Rob Pinkerton also talked about the idea that 60% of consumers provide post-purchase reviews or commentary online. This has to be good news for Bazaarvoice if true, but I’m not sure what the precise relationship to Adobe was (I might have missed the connection).
He had one little tidbit that will help everyone: GetHuman.com – the cheat sheet for how to get to a real human on lots of different businesses’ IVR systems…
The CME group had a presentation about their journey, beginning last June and now almost a year old. They have their first process in production and were offering advice to the rest of the audience, reflecting how they did their vendor selection and also how they tackled their projects. There are a few interesting notes: they said they brought 4 vendors in (at least) for a full-on bake-off. That’s an expensive way to pick vendors these days – and guarantees it will be hard to get maximum discounts from your vendors (from the vendor side, the “cost of sale” is quite high). Also, they went with a cloud solution which may be attractive to some and not to others. It made me wonder how they coped the one day a week ago when Amazon Web Services (AWS) were down, given that this isn’t a slow moving business, this is the CME Group we’re talking about. My other caution would be that they’re one process into this journey – the fun stuff is just beginning.
The Great Case Management debate was another session to discuss, but I’ll save that for a separate post.
I briefly attended a Microsoft Visio and Sharepoint session: Practical customer examples from Exxon and TECO Energy. I wanted to see the sharepoint version, but after watching someone draw proceses on Visio for 15 minutes I couldn’t take it anymore and left. This may sound rude, but drawing something in visio was pretty cutting edge in 1994. BPM tools have been providing better modeling tools for process for several years now. The big innovation displayed was a set of Visio “targets” that extended visio to make it easier to draw a process map, instead of a BPMN process. Of course, you could draw something in BlueworksLive faster, it’ll look better, collaborate with your team more easily, export to a PowerPoint presentation, and allow you to collect inputs, outputs, etc. as you gather them. Visio is a great product. But it is undercut in the BPM space by purpose-built technologies that are more efficient (and often less expensive) for the user. Watching the drawing in Visio was cumbersome. In BlueworksLive I would have simply typed the name of each process or activity and hit return or tab appropriately. 10 minutes tops, for what they were showing. And there are other good modeling tools out there like BizAgi and Signavio, etc. There are options.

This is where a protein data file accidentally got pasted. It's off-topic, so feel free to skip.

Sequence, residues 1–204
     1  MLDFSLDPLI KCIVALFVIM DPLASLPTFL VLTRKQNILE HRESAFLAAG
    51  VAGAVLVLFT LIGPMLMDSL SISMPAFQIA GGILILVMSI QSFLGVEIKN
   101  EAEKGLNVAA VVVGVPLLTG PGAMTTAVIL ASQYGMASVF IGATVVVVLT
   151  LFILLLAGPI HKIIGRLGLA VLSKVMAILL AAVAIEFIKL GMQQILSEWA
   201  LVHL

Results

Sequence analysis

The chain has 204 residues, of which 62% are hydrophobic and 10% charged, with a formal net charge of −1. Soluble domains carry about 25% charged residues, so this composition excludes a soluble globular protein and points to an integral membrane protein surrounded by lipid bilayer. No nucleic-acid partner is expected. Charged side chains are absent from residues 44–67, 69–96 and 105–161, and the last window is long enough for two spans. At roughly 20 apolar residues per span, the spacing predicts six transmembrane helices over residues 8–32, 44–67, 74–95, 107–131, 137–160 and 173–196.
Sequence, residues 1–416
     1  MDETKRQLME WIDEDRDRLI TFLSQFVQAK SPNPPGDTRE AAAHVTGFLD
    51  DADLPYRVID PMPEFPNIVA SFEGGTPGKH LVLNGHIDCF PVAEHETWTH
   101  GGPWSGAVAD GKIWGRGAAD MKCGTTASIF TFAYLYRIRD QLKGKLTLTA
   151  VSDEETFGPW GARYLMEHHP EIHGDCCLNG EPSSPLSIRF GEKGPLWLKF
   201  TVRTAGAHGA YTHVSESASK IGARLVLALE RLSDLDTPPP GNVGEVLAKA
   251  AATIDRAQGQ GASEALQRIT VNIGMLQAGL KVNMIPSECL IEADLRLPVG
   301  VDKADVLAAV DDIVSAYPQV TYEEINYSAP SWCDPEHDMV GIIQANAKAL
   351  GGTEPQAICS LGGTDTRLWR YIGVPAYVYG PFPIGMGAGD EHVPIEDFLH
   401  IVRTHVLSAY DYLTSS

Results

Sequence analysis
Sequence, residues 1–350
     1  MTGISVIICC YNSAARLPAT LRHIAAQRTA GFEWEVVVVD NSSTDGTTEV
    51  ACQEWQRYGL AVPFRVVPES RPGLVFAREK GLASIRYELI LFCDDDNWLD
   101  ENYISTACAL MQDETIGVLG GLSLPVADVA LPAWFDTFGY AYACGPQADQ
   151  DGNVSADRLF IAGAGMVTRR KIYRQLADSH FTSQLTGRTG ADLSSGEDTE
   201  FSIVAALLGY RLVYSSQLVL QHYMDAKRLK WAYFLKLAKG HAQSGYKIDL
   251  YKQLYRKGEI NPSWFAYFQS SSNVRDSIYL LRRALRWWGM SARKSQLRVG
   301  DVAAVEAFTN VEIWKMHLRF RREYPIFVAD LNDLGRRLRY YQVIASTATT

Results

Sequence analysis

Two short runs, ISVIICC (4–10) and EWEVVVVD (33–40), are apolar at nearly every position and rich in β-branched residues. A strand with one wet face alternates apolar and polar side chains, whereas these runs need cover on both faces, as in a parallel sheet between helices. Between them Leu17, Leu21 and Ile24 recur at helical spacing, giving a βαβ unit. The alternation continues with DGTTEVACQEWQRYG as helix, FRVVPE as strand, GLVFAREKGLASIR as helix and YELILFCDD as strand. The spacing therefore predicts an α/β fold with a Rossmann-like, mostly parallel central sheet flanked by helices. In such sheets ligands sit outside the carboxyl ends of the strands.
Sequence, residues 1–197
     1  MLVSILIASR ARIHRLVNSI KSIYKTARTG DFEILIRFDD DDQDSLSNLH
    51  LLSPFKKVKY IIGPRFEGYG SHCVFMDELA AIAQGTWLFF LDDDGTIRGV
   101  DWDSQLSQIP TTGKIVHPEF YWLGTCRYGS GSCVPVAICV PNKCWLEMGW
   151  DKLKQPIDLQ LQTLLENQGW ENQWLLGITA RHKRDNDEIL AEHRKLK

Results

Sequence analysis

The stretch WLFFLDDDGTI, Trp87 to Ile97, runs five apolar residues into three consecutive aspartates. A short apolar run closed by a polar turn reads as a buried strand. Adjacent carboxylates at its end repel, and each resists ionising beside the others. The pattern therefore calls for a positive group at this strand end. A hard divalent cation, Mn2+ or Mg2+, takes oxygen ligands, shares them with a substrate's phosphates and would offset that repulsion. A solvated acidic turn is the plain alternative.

At the end of the day I had a really good heart-to-heart conversation with a customer. We know quite a few people in common in the BPM space but met ourselves for the first time. They’re faced with a challenge that many big corporations are faced with – very expensive approved vendors, or offshore approved vendors. And there’s a significant gap in the middle – where real experts are available at a more affordable price. There are times when Vendor Management offices or purchasing offices actually cost companies money rather than saving them money – not to mention effectiveness.
Following that, I checked out the vendor hospitality suites, which staved off starvation, and then we headed to a nearby Italian restaurant for dinner. It was another long day, packed with moments to catch up with colleagues and see what other people are thinking in the BPM space.